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I finally came up with a good name for my game studio, however after searching for it there appears to be another game company with the same/very similar name. They were founded this year, have an empty website with only a logo and no published games (at least I couldn't find any).

Normally I wouldn't bother, but the company is from US and I live in EU and as far as I know company names are protected only in specific regions, so for example it's possible for two restaurants with the same name to exist in different cities. However, I'm not sure if this is applicable to game studios, which aren't operating in specific countries - if I publish a game on some platform it will be visible everywhere, same for the other company.

I'm also not sure if the other comapny is even registered, doing a quick search here didn't yield any results. Assuming it's not, how does it change my situation? Is this the proper way to check if it's registered?

EDIT: It turns out this comapny is registered, but only in California.

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This is a jurisdictional question. To summarize: United States jurisdiction extends only over the United States. Under the sovereign state doctrine (state in this meaning is country) each country makes rules applicable only to them. Example: if you are a United States citizen and you violate a Saudi Arabian law (while being in there), you will be punished according to their laws.

Lets say you trademark your company name in UK, and UK has laws against copyright infringement. Then, when the game company from United States tries to sell in UK, you can pursue action in court.

Now, I bet it is tempting to say the same must apply for you in the U.S. Not so. "State" has a special meaning in the United States. Each state is sovereign. Each state has their own copyright laws along within their own jurisdiction. Lets say the company is registered only in California. Nothing is stopping you from registering the same company name in New York. As long as you are willing to pay new York Taxes that is. It is interesting to note the different level of jurisdictional interplay in something as simple as McDonalds logo. http://eskify.com/10-interesting-mcdonalds-lawsuits/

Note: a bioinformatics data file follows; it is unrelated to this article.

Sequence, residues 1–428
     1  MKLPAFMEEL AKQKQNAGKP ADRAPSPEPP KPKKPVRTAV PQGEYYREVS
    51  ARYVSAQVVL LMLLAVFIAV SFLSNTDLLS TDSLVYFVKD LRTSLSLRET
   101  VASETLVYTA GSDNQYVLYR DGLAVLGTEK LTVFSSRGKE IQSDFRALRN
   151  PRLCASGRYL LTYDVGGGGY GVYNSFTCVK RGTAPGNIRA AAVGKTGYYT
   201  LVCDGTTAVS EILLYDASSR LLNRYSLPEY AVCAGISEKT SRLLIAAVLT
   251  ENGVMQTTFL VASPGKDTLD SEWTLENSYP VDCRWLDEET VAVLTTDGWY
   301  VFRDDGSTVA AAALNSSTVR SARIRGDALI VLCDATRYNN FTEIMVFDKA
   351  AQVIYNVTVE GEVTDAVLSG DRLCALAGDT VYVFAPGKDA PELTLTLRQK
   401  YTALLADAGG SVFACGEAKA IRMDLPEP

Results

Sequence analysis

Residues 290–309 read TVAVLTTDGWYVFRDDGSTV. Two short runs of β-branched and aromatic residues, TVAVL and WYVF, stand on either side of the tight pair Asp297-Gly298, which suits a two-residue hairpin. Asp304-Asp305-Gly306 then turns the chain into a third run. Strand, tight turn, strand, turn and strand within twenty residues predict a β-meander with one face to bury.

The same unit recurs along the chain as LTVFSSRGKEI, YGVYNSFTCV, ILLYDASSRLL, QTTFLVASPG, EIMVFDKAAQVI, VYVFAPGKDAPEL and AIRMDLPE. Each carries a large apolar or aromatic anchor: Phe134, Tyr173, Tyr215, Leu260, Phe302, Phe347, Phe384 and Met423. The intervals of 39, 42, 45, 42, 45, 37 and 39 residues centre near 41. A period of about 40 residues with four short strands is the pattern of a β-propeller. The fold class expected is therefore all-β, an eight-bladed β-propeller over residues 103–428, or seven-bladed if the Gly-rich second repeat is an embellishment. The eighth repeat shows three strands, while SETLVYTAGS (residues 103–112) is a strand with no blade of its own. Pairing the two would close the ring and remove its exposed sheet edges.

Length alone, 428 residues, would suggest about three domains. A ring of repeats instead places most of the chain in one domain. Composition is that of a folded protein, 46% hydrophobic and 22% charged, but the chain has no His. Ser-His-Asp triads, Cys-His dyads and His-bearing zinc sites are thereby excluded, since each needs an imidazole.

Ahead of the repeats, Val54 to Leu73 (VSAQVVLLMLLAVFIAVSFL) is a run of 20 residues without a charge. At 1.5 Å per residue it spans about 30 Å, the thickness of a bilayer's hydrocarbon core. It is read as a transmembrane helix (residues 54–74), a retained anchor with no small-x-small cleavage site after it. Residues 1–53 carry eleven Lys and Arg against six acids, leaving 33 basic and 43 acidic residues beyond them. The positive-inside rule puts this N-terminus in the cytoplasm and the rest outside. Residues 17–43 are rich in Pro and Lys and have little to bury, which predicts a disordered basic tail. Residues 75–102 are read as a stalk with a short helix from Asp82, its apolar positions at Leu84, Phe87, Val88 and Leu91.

There is another catch to this as well. Interstate commerce. Once you sell to more then one state,( or have national presence as an online store) you may register your company on a federal level.

In the end everything comes down to the facts, who, how, when and where. Further research will reveal the answers. (Please note that the logo is trademarked separately.)

  • "United States jurisdiction extends only over the United States" this is at odds with the reality of the United States' massive efforts over the years to apply its jurisdiction to all countries. See - trade agreements, extradition treaties, specific cases like Kim Dotcom, etc. In short, there're very few sure bets when it comes to countries where the US can't become a major PITA for you if it decides it wants to. – TylerH Dec 5 '18 at 16:28
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I can't answer this for all of Europe, but in the UK you can pick your company name as long as it cannot be confused with the name of another UK company (and some other rules, like you cannot name it Her Royal Majesty's Game Studio).

Both companies may want to register trademarks, and if they register a trademark in the USA that you registered in the EU, then they cannot use their trademark in the EU, and you can't use yours in the USA. You can register your trademark in the USA if you're quicker.

When you try to register a trademark in the USA, anyone with a valid interest can protest against it. If they notice the registration, they will most likely succeed if they object. If they don't notice – well, that's tough for them. I wouldn't say it's impossible to overcome your trademark, but it would be hard.

  • So if I register the name as a trademark in the US right now the other company is pretty much screwed and can't use their name to publish games for US audience? – Wojtek Wencel Dec 1 '18 at 19:37

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